Detection of moving objects around corners, with no direct line-of-sight to the objects, is demonstrated in experiments using
a coherent test-range radar. A setting was built up on the test-range ground consisting of two perpendicular wall sections
forming a corner, with an opposite wall, intended to mimic a street scenario on a reduced scale. Two different wall materials
were used, viz. light concrete and metallic walls. The latter choice served as reference, with elimination of transmission
through the walls, e.g. facilitating comparison with theoretical calculations. Standard radar reflectors were used as one kind
of target objects, in horizontal, circular movement, produced by a turntable. A human formed a second target, both walking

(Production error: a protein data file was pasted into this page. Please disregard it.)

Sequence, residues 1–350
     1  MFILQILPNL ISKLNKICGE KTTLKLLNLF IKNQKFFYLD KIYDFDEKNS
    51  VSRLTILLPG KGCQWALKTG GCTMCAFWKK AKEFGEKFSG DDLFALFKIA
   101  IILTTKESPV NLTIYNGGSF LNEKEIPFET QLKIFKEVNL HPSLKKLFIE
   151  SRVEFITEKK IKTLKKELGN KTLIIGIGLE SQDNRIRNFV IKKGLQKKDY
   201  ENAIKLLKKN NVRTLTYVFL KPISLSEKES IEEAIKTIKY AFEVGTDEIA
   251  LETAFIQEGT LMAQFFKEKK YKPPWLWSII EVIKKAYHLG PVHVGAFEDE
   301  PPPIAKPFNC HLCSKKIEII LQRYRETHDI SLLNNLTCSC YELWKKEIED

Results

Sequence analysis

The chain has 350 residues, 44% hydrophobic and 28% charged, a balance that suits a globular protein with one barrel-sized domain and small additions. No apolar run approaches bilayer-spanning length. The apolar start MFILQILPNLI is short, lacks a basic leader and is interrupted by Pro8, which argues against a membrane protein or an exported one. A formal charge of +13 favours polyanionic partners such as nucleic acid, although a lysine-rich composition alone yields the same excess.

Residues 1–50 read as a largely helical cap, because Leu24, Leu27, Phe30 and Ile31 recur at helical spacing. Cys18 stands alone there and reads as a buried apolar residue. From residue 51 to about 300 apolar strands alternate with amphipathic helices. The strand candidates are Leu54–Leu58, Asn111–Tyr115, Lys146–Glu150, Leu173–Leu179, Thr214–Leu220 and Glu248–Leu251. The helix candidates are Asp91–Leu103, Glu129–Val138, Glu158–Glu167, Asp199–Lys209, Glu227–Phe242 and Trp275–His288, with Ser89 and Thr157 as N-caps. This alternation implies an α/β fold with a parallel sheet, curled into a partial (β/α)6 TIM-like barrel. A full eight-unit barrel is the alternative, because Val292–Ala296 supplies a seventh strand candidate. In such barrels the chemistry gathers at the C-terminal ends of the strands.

and at standstill with micro-Doppler movements of body parts. The radar signal was produced by frequency stepping of a
gated CW (Continuous Wave) waveform over a bandwidth of 2 or 4 GHz, between 8.5 and 12.5 GHz. Standard Doppler
signal processing has been applied, consisting of a double FFT. The first of these produced "range profiles", on which the
second FFT was applied for specific range gates, which resulted in Doppler frequency spectra, used for the detection. The
reference reflectors as well as the human could be detected in this scenario. The target detections were achieved both in the
wave component having undergone specular reflection in the opposite wall (strongest) as well as the diffracted component
around the corner. Time-frequency analysis using Short Time Fourier Transform technique brought out micro-Doppler
components in the signature of a walking human.
These experiments have been complemented with theoretical field calculations and separate reflection measurements of
common building materials.